How do Commodity Options Work?


How is the value of an option determined?

You must first understand the meaning of the terms intrinsic and extrinsic. The option premium is made up of these two values. Intrinsic is the value of the option if you have exercised it on the futures contract and then cleared. For example, if you have a soybean call from November 5th and the futures price for this contract is $ 5.20, then there is an intrinsic value of 0.20 for this option. Soybeans is a 5,000 bushel contract, so 20 cents multiplied by 5,000 = $ 1,000 intrinsic value for this option.

Now, let's say the same November 5 soybean call costs $ 1,600 as a bonus. $ 1,000 of the cost is intrinsic value and the other $ 600 is extrinsic. The extrinsic value is made up of the time value, the volatility premium and the demand for that specific option. If the option has 60 days to expire, it has more time value than it would with 45 days remaining. If the market has large price movements from low to high, the volatility premium will be higher than a market with low price movement. If many people buy this exact strike price, that demand can also artificially increase the premium.

How much will an option premium move relative to the underlying futures contract?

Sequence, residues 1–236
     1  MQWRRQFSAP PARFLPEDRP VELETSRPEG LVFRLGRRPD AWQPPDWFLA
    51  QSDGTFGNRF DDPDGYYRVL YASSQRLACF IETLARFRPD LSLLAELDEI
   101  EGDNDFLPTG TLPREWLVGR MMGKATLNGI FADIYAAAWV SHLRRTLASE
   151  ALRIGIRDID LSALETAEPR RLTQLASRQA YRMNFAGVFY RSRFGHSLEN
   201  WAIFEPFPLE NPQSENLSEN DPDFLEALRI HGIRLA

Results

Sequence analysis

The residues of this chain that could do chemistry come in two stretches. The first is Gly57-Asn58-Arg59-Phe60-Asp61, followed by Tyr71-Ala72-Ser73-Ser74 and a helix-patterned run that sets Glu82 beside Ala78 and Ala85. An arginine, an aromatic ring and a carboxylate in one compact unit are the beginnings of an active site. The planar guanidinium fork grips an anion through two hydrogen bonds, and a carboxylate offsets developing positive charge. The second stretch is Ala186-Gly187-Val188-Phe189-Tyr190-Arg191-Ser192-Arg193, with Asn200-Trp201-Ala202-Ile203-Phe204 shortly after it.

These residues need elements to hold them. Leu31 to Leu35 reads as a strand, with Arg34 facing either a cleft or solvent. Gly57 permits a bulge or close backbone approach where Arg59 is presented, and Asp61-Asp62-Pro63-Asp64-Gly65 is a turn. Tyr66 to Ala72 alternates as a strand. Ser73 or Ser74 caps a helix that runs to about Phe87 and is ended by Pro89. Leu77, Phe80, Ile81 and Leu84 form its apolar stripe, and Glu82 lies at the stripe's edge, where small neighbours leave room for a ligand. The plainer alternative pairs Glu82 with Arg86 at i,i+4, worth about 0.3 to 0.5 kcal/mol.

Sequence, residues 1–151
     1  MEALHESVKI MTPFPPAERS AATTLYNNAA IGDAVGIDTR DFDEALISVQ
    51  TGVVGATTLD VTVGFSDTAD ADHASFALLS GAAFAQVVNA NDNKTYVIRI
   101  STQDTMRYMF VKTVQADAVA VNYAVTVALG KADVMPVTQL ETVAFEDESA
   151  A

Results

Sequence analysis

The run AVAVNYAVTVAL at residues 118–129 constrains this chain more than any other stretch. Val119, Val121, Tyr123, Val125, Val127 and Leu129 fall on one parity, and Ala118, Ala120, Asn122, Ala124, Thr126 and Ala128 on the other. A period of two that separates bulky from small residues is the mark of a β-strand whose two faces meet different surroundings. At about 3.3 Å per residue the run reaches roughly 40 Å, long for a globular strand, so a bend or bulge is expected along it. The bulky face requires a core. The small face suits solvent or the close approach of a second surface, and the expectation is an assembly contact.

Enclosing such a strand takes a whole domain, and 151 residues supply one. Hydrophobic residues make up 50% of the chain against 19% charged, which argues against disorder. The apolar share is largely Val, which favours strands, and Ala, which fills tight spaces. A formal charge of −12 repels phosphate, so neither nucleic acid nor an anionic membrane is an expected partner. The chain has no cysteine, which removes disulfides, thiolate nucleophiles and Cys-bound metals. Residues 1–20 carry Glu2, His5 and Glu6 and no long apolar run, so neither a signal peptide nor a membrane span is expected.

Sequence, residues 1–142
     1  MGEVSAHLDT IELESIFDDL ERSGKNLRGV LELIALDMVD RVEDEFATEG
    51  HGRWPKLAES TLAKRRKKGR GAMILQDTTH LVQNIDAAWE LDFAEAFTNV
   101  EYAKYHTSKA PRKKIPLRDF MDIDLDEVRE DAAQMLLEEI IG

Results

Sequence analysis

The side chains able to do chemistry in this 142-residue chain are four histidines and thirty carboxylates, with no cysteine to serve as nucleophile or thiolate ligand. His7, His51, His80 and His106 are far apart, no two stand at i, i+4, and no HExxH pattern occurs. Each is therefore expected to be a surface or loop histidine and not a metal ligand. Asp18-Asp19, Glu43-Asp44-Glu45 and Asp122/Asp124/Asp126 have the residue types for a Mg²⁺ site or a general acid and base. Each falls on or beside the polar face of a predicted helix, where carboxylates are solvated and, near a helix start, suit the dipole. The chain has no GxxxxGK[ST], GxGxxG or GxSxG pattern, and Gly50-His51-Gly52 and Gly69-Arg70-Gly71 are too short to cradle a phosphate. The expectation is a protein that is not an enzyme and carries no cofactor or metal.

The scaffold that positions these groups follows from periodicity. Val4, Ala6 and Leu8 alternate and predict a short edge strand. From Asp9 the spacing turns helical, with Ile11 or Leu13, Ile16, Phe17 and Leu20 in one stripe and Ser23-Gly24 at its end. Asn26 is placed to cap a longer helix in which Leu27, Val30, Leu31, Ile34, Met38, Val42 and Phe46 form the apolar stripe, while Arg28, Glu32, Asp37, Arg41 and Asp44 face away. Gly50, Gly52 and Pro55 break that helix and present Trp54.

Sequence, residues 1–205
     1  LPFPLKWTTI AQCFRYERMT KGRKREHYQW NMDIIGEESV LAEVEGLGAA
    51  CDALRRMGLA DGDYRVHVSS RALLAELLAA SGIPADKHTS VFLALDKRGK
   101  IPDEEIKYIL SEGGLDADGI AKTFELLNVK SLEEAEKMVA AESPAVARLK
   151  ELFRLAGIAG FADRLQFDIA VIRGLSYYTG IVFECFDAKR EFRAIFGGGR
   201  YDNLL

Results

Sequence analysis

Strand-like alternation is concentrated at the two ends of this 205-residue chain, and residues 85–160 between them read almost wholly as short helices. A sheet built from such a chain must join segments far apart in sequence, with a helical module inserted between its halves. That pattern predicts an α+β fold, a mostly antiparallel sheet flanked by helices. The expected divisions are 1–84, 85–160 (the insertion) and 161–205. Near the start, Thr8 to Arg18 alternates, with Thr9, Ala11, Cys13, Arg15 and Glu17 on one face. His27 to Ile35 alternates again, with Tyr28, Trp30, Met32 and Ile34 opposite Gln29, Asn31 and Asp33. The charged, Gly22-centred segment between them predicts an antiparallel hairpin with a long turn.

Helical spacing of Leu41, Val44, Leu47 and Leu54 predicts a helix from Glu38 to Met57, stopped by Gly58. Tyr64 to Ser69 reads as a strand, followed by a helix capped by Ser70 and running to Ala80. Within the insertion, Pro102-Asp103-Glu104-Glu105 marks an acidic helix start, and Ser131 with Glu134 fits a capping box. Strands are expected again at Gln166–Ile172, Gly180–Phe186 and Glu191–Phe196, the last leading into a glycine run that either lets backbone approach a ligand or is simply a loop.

You can figure it out by finding out the delta factor of your option. The delta factor tells you how much of the premium variation will occur in your option depending on the movement of the underlying future contract. Let's say you think gold in December will rise by $ 50 / ounce or $ 5,000 / contract upon expiration. You bought an option with a delta factor of 0.20 or 20%. This option is expected to earn around $ 1,000 as a bonus over the expected $ 5,000 gold futures price movement.

Can an options speculator make a profit before the option has intrinsic value?

Yes, as long as the option premium increases enough to cover your transaction costs such as commission and fees. For example, you have a $ 3 corn call in December and December corn is $ 270 / bushel and your transaction costs were $ 50. Let's say your option has a 20% delta and the future December corn market goes up 10 cents / bushel to $ 2.80 / bushel. Corn is a contact of 5000 bushels so 1 cent multiplied by 5000 = $ 50. Your option premium will increase by approximately 2 cents = $ 100. Your breakeven point was $ 50 so you have a $ 50 profit with no intrinsic value because you are always 20 cents out of cash.

Investing in futures and options is very risky and only venture capital should be used. Past performance does not represent future results. Cash, options and futures do not necessarily respond to similar stimuli in the same way. There are no guaranteed good trades.

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